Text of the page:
I'm now six months into my junior content producer apprenticeship, where the name of the game is content. Working in an agency with a variety of clients, there is a lot of content creation needed. This is the process of generating topical ideas that appeal to certain audiences and creating written or visual content to engage and influence behaviour.

The content we produce at Rumpus is wide ranging and in any day can cover B2B PR LinkedIn copy for the built environment, to construction or fintech blogs to the other end of scale, quirky facts about toilet rolls, to goofy Tik Toks about milkshakes. Thinking of all these ideas across a wide range of clients and developing them can require some challenging mental gymnastics. So, I’ve collated some tips and tricks that can help!

  • Back to the future

Look back at your content from previous weeks/months and see what works. Is video content performing best and driving engagement? Or a quote from a senior team member? Make the most of this knowledge to create a content strategy moving forward. Keep the content your business has previously produced organised, so it’s easy to track and edit for future use.

  • All about angles

If you’re struggling to produce fresh ideas, try focusing on one hot topic at a time and run with it. Think about the diverse types of content you can produce using one current point or idea – video, graphics, polls, text. This strategy saves time on hours of research and keeps the content cohesive, one topic at a time. It also gives you more flexibility and freedom to try new content formats you might not usually use.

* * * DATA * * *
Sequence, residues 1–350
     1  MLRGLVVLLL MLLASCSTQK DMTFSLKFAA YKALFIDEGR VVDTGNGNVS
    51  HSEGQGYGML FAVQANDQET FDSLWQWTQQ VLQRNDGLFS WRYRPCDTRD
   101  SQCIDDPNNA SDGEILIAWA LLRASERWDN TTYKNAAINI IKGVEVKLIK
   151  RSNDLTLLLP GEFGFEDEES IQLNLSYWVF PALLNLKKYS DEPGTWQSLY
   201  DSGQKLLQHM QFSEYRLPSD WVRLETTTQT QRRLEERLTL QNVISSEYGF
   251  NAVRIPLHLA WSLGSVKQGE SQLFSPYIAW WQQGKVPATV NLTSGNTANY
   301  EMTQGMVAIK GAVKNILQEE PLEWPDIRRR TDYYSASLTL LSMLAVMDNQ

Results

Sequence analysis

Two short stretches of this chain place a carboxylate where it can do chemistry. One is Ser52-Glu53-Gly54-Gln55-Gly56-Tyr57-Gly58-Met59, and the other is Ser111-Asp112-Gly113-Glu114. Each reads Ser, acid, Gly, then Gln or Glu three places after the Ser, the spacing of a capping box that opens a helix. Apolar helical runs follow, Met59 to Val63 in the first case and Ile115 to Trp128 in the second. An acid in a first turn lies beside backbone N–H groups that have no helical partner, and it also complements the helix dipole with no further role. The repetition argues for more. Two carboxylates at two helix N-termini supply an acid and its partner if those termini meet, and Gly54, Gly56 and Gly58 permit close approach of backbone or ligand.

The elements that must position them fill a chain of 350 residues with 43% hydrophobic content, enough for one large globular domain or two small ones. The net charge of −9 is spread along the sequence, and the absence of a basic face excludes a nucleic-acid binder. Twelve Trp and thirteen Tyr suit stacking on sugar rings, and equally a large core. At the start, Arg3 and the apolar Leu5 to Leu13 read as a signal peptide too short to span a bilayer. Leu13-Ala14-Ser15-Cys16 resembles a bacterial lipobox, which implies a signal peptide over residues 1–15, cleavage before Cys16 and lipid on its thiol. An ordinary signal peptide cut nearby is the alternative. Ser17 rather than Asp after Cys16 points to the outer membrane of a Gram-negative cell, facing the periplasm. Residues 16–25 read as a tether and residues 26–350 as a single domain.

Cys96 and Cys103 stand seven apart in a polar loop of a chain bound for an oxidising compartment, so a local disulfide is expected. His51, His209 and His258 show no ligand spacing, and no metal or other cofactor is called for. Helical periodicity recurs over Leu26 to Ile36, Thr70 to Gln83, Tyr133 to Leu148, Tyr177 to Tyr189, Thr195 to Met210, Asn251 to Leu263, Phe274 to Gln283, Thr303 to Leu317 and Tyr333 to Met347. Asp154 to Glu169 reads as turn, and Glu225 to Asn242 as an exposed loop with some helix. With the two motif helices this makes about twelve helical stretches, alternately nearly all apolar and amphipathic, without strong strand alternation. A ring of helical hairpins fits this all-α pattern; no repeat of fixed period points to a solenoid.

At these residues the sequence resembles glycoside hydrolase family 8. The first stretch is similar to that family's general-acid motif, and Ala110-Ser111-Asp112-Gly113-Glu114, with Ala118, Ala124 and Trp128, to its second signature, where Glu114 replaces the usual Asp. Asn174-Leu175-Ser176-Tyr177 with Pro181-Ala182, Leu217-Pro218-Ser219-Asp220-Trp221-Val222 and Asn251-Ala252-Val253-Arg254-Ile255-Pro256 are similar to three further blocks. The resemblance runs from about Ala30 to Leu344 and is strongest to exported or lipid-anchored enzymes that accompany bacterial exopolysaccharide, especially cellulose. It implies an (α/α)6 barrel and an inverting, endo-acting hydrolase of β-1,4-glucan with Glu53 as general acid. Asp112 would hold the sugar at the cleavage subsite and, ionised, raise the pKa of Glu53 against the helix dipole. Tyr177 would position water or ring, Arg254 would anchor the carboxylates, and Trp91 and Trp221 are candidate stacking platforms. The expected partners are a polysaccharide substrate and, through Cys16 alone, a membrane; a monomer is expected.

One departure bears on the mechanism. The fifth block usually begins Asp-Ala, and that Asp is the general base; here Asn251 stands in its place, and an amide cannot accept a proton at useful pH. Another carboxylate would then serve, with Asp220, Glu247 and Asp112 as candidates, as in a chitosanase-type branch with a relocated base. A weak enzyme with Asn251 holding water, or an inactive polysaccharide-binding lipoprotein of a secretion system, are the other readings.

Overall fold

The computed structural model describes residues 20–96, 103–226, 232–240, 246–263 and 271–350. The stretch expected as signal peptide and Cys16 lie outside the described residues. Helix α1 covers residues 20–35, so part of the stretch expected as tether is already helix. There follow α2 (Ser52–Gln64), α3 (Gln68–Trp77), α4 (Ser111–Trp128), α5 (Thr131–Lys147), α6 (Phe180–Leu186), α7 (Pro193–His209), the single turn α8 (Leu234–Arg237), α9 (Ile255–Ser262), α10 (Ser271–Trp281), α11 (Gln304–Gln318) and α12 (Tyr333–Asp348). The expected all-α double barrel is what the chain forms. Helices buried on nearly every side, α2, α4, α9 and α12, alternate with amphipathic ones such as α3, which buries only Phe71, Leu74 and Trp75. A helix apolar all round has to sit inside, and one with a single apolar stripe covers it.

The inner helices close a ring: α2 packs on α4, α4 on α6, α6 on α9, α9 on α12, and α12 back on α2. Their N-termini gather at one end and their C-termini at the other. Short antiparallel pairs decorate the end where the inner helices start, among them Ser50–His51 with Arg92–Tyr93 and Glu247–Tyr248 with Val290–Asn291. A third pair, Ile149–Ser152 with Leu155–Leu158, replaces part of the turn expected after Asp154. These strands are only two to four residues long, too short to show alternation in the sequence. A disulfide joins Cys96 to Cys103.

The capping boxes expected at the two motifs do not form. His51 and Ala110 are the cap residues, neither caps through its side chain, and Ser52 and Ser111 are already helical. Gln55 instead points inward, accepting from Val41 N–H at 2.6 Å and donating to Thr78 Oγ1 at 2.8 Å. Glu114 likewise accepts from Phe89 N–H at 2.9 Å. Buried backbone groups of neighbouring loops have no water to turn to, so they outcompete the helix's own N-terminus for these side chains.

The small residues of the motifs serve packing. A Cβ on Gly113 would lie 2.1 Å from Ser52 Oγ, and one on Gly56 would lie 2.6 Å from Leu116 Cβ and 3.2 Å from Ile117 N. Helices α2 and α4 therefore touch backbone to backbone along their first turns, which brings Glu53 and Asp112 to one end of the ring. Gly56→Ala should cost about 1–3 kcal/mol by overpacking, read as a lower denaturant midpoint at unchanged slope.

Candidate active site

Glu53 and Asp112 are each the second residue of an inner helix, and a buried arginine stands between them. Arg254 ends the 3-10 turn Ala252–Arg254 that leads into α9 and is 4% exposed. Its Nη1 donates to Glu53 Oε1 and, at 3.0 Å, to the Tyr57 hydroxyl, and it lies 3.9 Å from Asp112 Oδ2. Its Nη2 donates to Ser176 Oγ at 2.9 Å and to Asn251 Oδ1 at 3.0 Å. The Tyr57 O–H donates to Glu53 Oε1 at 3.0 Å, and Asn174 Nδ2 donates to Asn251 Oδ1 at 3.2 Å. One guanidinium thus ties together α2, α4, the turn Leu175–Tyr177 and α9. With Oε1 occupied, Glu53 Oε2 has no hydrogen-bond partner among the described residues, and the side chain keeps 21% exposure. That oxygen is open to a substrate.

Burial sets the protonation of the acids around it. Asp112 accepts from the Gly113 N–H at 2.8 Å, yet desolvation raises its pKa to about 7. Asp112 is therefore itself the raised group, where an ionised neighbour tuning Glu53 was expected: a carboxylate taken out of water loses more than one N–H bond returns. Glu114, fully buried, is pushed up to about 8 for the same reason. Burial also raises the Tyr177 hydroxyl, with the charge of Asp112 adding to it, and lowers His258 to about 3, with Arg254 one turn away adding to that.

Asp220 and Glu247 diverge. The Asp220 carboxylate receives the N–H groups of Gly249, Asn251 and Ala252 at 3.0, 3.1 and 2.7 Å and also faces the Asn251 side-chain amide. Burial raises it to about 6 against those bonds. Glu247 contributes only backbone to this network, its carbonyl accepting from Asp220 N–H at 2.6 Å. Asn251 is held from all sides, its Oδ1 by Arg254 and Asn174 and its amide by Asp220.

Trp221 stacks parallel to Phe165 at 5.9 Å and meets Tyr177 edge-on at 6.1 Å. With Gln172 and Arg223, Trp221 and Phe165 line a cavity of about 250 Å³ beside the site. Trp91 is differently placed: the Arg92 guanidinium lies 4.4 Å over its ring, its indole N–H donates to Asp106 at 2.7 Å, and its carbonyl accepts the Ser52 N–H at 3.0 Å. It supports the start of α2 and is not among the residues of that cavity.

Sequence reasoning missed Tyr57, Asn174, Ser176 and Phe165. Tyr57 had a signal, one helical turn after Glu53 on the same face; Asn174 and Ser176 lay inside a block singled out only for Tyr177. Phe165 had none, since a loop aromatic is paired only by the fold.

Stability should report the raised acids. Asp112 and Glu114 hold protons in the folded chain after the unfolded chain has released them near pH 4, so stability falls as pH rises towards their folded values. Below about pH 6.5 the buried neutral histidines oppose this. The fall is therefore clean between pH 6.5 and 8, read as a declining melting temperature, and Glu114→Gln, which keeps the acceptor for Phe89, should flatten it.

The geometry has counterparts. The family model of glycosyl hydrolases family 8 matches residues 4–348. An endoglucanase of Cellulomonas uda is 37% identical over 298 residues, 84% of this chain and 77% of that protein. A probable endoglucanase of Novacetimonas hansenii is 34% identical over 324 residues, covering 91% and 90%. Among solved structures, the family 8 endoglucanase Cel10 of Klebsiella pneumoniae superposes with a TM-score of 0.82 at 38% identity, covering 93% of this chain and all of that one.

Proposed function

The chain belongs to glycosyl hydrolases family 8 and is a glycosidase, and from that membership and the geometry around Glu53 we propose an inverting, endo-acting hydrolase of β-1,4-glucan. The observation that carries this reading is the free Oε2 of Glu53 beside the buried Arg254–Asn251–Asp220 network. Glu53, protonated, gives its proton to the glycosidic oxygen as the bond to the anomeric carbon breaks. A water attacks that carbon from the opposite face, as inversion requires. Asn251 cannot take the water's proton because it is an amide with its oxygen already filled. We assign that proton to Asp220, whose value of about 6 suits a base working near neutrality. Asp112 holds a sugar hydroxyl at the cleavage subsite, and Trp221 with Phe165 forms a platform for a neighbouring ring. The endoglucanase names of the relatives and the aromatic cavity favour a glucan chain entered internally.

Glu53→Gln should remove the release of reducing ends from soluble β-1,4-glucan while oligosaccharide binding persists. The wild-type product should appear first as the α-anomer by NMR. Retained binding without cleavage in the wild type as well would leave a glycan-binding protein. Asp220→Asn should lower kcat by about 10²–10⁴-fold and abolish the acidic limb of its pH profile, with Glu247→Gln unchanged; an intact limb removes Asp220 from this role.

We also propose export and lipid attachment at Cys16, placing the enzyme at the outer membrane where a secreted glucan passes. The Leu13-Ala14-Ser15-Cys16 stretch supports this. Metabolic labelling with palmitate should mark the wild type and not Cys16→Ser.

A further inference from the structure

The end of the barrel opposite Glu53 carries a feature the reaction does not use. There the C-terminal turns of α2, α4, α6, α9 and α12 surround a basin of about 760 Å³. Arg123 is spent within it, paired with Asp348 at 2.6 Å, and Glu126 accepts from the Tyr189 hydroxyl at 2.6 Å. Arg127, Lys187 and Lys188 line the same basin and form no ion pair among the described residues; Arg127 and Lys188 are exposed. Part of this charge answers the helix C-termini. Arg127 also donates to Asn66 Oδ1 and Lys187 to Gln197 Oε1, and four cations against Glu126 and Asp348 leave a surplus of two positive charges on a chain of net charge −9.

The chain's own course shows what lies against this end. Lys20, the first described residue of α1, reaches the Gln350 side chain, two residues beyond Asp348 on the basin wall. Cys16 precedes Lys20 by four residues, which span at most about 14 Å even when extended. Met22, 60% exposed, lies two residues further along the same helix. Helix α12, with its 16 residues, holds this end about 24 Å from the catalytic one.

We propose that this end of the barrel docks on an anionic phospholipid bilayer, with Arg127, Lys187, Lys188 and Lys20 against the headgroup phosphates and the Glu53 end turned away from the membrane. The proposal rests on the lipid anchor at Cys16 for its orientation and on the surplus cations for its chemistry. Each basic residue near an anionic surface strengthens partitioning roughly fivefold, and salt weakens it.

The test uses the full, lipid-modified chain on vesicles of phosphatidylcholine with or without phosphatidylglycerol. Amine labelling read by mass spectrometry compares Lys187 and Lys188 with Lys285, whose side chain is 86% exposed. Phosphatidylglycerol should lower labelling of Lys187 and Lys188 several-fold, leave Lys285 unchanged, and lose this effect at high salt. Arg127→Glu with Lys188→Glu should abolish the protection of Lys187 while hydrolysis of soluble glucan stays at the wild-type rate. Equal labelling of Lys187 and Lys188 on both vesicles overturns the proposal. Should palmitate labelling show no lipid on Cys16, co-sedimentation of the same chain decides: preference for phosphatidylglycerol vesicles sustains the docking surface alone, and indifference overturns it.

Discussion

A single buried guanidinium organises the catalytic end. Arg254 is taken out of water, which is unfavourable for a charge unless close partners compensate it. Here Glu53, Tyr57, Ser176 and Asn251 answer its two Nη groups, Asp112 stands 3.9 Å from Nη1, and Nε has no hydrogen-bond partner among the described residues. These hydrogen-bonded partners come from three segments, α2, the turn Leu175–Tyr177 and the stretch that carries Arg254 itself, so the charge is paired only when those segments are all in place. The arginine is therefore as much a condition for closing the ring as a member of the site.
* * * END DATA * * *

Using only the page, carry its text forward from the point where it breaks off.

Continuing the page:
• Have a sneak peek

It's okay to look at what others are doing - these can be your direct competitors or companies who are known for doing social well. Innocent smoothies content team do a great job of producing light-hearted, funny content. Aldi is famed for having a great Twitter account, with their signature quick witted and often very reactive tweets. A personal favourite is Specsavers with their genius billboard adverts and reactionary press adverts. So, have a sneaky stalk at other content because it can inspire some of your own. The trick isn't to copy someone else’s work, but to simply see what themes are being used. The least it should do is inspire you to go one better, a springboard for your own ideas.



  • Cut the fluff

This strategy is straight from Ellie Middleton on LinkedIn, who talks about cutting out useless content that's published just for the sake of it. For those of us producing content regularly, deadlines and targets often mean it is easier to default to fluffy, fill-in-the-gap posts. This point also highlights the difference between a quick win and quality content. If you can gain an understanding of the differences, it can really help with creating content, allowing you to spend more time on content that matters.

  • Writer's Block

I can confidently assume that everyone has experienced writer's block at some point. I would be incredibly surprised if you could sit for a day and smash out a content plan or blog without even a brief mind blank. So, when you do hit that wall, pause, walk away, and focus on something else. This allows you to come back fresh to re-work an idea or bring in more ideas to use - maybe even better ones than before!


Producing top-quality content is a constant battle and there is a lot going on behind the scenes.  Generating ideas from your research, then writing and producing graphics/images to bring it to life takes a long time.  Add into the mix scheduling, promoting the post and getting people to engage with it, is just a glimpse of the activity going into each post.

This is just part of what we do, head over to our Rumpus socials and see what we get up to.


Hope Edwards, junior content producer